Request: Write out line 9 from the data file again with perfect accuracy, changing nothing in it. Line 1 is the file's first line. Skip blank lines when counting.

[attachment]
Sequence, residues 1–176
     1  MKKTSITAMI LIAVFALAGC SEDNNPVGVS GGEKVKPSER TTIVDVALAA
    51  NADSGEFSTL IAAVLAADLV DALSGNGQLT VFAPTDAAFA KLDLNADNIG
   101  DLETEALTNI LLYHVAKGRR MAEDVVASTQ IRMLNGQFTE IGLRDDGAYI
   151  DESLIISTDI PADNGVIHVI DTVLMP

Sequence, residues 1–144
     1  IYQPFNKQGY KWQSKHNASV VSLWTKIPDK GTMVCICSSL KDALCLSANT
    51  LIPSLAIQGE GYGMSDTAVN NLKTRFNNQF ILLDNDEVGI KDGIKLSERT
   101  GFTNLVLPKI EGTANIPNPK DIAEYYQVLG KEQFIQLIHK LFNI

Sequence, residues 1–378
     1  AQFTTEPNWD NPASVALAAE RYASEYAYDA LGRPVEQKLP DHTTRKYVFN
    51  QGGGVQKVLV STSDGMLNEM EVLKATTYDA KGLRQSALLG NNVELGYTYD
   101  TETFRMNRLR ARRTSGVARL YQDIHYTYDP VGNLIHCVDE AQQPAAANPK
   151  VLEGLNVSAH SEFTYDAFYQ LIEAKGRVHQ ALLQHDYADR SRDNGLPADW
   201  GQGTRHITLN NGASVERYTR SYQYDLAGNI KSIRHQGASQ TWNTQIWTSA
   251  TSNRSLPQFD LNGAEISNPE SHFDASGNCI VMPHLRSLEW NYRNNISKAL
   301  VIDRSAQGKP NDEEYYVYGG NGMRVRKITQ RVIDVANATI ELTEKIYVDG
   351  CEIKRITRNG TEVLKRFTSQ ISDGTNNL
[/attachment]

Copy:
   101  GFTNLVLPKI EGTANIPNPK DIAEYYQVLG KEQFIQLIHK LFNI